Why, when traditionally organized religious groups are seeing declining membership and participation, are networks of independent churches growing so explosively? Drawing on in-depth interviews with leaders and participants, The Rise of Network Christianity explains the social forces behind the fastest growing form of Christianity in the U.S., which Brad Christerson and Richard Flory have labeled "Independent Network Christianity" (INC). This form of
Christianity emphasizes aggressive engagement with the supernatural, including healing, direct prophecies from God, engaging in "spiritual warfare" against demonic spirits, and social transformation. Christerson and Flory argue that large-scale social changes since the 1970s, including globalization and the digital
revolution have given competitive advantages to religious groups organized by networks rather than traditionally organized congregations and denominations.
Network forms of church governance allow for experimentation with controversial supernatural practices, innovative finances and marketing, and a highly participatory, unorthodox, and experiential faith, which is attractive in today's unstable religious marketplace. Christerson and Flory argue that as more religious groups imitate this type of governance, religious belief and practice will become more experimental, more oriented around practice than belief, more shaped by the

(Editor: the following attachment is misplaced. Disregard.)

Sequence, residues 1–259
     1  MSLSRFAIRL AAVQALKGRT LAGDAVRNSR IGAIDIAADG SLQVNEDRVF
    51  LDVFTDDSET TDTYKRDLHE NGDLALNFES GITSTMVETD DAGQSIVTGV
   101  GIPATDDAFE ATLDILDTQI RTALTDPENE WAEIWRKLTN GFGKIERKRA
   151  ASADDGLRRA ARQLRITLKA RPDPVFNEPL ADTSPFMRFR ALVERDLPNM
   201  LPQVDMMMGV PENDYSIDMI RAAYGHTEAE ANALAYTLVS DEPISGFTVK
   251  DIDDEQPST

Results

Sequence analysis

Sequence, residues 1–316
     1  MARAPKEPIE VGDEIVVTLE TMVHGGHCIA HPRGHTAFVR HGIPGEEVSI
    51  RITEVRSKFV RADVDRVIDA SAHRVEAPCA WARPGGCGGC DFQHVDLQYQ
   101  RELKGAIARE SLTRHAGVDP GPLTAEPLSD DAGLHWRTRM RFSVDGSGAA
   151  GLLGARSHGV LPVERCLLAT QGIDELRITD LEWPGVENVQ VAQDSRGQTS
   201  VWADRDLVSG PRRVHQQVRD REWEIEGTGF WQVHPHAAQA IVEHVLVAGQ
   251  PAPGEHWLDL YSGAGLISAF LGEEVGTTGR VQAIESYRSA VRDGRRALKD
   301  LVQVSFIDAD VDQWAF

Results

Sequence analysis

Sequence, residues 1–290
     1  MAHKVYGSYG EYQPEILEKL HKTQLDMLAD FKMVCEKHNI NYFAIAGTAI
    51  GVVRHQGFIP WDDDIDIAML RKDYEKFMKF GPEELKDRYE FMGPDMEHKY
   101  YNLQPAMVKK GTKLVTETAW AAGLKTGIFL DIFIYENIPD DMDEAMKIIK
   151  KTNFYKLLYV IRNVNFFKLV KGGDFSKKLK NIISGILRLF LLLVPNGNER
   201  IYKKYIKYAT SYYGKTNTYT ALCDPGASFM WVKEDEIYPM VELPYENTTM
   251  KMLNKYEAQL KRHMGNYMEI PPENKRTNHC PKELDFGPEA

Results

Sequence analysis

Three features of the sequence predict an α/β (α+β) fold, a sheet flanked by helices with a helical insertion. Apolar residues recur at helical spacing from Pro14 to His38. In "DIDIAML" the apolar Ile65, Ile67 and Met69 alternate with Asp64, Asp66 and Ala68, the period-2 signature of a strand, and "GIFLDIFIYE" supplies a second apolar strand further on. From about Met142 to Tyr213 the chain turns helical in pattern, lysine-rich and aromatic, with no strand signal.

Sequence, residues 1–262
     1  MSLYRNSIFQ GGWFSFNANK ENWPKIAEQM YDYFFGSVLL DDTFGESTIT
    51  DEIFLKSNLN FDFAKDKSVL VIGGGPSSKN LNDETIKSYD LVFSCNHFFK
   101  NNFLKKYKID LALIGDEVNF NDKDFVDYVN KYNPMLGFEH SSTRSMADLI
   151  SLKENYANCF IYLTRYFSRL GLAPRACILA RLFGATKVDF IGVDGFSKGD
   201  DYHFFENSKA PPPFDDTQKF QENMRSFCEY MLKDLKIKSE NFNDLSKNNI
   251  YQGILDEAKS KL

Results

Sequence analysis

individual religious "consumer" and that authority will become more highly concentrated in the hands of individuals rather than institutions.
Publisher: Oxford University Press Inc
Number of pages: 200
Weight: 410 g
Dimensions: 241 x 175 x 22 mm
This is an important book because it illustrates very well what some sociologists have argued for some time: globalization does not mean the end of religion but rather globalization introduces new forms including networked religion. * Michael Wilkinson, Pneuma *
Christerson and Flory have offered us a valuable piece of the overall puzzle depicting changes in the organization of Christianity. * Christopher P. Scheitle, Sociology of Religion *
The authors' aims are clearly defined and unpacked throughout the book. They substantiate their claim that [Independent Network Charismatic] Christianity is a rapidly growing sub-group in neo-Charismatic Christianity and argue that it will influence mainstream Christian practices in years to come. Their discussion of networks in the religious economy is useful in understanding the influence of INC Christianity in the changing religious landscape of America. * Shaun Joynt, Reading Religion *
Well-researched and well-executed... Christerson and Flory have offered us a valuable piece of the overall puzzle depicting changes in the organization of Christianity. * Christopher P. Scheitle, Sociology of Religion *